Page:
Oscar: Occupation Inheritance, from Generation to Generation

Direct occupational inheritance, that is, children stepping into their parents’ occupations, is also prominent in the film world. This dimension is more prevalent in acting than in other professions, resulting in an even smaller, more intimate, and coherent community.

About 10 percent of the Oscar players had one parent in the acting profession, and 5 percent of them had both parents.

If related professions (writing, producing, directing) are included, the proportion is even higher (15 percent), particularly among the women (20 percent).

In some cases, occupational inheritance has prevailed for three or more generations. Consider the acting dynasties of the Barrymores, the (Tyrone) Powers, the Fondas, the Robards, the Minnellis, and the Bridges in the U.S., and the Redgraves in the U.K.

Paul Muni

Many performers were literally born in a theater tent. The parents of Paul Muni (ne Muni Weisenfreund), who was reared in a theater trunk, were strolling players who toured all over Europe and America with him and his brothers. Shunning the financial hazards of acting, Muni’s parents hoped that he would pursue a career as a violinist. But he was stagestruck, and at thirteen became a regular member of his parents’ troupe. Muni never had to study acting, there was no need for it.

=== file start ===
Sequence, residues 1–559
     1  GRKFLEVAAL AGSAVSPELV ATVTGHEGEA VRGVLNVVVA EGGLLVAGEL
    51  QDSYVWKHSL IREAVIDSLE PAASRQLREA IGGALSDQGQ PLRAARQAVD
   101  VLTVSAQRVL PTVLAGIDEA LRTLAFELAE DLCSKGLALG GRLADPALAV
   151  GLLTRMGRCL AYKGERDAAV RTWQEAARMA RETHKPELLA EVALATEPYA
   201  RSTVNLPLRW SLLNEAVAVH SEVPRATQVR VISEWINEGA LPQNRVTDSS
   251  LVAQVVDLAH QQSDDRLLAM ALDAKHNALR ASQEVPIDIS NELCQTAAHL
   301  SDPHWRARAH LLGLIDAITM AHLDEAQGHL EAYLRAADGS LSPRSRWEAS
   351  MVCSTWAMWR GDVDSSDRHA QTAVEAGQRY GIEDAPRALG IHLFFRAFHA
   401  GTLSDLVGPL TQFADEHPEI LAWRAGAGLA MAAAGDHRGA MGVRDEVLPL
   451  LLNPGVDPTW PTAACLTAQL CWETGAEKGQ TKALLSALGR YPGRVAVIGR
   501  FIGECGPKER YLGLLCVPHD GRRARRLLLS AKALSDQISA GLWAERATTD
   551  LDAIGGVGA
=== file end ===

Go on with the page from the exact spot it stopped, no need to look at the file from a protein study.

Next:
Mickey Rooney

Another Academy nominee, Mickey Rooney, spent his infancy and childhood touring with his parents, who were both entertainers. Rooney made his stage debut at fifteen months, appearing as a midget in a vaudeville act, for which he wore a tuxedo and smoked a big rubber cigar.

Jennifer Jones

The parents of Oscar winner Jennifer Jones were the owners’ stars of the Isley Stock Company, a tent show which toured the Midwest. After working as a ticket and soda seller, Jones made her stage debut at the age of ten, and her film debut (as Phyllis Isley) at twenty.

Marriage in Same Profession

Marrying a spouse within the same profession is another distinctive attribute of acting. These “in” marriages contribute to the integration of its members into a social group that has its own lifestyle and subculture.

At least two thirds of the nominated players have married within the film colony; most, more than once. The only difference between the genders is that actors usually marry actresses, whereas actresses also marry producers and directors, along with actors.

The Academy’s nominees could almost be accused of “incest,” based on the high percentage (north of 20) of all nominated actors and directors who have been married to other pros at one time or another in their careers. Many in fact have met their prospective spouses at work, while appearing in a play or shooting a movie. Some have fallen in love and subsequently married their leading men or leading ladies.

Actors Profiled:

Jones, Jennifer

Muni, Paul

Rooney, Mickey